Despite the obvious need to end the state’s lifetime registry, the Tiered Registry Bill is sure to attract opposition as it travels through the Senate and Assembly. There may, in fact, be efforts to significantly amend the bill in order to weaken its impact or its scope. We must remain vigilant in order to stop such efforts.

That is why those who will benefit from Senate Bill 421, including registrants and family members, must be heard in its support. The first test for the Tiered Registry Bill will be consideration by the Senate Public Safety Committee on April 25.

ACSOL leadership will be there. Will you?


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Thank you.

Isn’t the Public Safety committee the same ones that shot us down for ab 558, not trying to be negative but realistic

im glad the bill is moving forward. I just hope it doesn’t hurt more than it helps…bill oriely fired from fox for sexual harassment claims..ha..another one spouting about how bad sex offenders are and pushing Jessica’s law gets a taste of his own medicine..people crying wolf the loudest are usually the ones in the hen house….to bad hes rich or he would be heading for list…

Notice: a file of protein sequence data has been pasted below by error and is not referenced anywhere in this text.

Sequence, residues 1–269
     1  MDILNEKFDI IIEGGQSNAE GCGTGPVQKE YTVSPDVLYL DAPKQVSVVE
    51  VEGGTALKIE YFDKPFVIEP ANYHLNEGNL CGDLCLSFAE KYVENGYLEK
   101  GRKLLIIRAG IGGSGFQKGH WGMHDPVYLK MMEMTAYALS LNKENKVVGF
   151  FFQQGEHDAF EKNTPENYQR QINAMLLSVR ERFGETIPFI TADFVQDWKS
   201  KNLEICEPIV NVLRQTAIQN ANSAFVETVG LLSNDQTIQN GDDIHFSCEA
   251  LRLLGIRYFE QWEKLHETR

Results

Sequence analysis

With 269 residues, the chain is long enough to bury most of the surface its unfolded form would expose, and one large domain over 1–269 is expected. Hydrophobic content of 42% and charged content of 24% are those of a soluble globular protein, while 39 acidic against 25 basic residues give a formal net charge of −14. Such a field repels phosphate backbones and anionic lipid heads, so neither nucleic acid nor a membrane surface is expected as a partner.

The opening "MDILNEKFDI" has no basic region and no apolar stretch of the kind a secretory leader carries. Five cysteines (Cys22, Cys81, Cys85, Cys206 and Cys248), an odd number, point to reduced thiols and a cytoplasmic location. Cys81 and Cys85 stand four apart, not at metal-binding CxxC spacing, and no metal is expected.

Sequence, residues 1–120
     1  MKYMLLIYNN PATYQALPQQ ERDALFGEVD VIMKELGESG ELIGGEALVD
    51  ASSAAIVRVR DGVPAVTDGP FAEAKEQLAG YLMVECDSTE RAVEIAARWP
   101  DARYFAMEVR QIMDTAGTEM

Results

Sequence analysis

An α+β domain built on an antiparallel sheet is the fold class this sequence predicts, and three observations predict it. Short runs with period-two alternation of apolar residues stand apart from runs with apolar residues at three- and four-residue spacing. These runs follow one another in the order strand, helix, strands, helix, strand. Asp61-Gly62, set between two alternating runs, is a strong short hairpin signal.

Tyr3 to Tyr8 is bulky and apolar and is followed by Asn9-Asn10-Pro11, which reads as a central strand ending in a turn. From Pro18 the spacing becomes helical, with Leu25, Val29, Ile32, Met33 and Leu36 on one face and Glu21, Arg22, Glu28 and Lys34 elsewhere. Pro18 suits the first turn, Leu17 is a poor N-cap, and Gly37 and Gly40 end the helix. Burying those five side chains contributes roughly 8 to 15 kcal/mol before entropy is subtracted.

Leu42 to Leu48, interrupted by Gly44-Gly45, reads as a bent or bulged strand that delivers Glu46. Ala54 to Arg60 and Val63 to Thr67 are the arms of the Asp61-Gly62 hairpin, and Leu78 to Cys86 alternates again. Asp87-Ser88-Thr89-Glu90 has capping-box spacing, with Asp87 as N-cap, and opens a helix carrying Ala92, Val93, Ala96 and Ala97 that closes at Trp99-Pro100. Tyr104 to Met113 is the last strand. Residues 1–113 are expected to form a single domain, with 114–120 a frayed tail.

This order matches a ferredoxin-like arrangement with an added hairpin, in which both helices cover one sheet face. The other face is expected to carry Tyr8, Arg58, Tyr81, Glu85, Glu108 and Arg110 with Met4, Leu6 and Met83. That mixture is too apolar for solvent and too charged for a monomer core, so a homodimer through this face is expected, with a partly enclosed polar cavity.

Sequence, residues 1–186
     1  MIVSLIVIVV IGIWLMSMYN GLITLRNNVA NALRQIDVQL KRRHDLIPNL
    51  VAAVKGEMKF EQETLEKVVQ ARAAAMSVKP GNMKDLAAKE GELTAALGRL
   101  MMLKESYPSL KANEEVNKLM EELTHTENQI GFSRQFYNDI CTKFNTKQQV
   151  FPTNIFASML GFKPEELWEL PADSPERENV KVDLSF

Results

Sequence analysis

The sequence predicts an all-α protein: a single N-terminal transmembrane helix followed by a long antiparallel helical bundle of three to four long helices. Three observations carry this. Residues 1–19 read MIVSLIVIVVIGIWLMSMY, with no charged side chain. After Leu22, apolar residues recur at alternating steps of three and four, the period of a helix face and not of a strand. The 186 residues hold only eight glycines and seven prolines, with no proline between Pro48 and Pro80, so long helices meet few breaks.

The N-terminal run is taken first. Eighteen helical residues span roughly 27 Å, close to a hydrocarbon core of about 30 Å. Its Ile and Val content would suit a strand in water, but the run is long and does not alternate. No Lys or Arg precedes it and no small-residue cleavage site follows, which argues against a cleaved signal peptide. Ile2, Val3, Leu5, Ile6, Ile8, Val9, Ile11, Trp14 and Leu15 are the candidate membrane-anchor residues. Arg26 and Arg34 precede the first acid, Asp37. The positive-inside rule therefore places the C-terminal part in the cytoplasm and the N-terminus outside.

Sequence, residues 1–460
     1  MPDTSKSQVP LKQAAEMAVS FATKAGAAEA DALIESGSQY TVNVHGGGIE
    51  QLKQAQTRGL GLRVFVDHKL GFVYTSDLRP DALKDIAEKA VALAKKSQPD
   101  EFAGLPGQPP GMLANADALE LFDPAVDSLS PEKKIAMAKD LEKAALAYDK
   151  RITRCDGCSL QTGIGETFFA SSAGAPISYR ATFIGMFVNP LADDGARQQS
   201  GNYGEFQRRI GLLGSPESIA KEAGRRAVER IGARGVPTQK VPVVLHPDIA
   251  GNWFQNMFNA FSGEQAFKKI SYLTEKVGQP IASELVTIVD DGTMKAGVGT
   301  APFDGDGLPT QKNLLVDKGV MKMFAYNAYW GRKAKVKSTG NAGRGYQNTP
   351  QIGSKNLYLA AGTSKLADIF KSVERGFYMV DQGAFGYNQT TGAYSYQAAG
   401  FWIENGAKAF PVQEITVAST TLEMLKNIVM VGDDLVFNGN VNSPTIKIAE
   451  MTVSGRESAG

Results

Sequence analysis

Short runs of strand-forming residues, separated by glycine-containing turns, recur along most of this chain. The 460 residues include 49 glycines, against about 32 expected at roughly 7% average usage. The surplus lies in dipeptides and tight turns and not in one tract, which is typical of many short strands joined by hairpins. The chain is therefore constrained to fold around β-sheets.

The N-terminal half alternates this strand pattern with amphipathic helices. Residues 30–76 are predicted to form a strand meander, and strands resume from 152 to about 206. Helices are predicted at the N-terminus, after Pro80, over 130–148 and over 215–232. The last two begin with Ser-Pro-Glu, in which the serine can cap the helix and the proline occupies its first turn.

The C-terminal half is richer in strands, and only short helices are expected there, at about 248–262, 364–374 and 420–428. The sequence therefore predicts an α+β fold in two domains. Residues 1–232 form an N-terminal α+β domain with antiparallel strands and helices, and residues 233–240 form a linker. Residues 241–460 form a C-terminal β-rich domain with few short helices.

Does this new version of the tiered registry bill still offer a way for persons who were 1) convicted in California and who currently 2) live outside of California to petition for removal?
I tried to read through the text of this new version, and I can’t seem to find anything. It only says you can petition in the county in which you are currently registering.
Please tell me that this won’t be like the CoR and bar those who have moved out of state!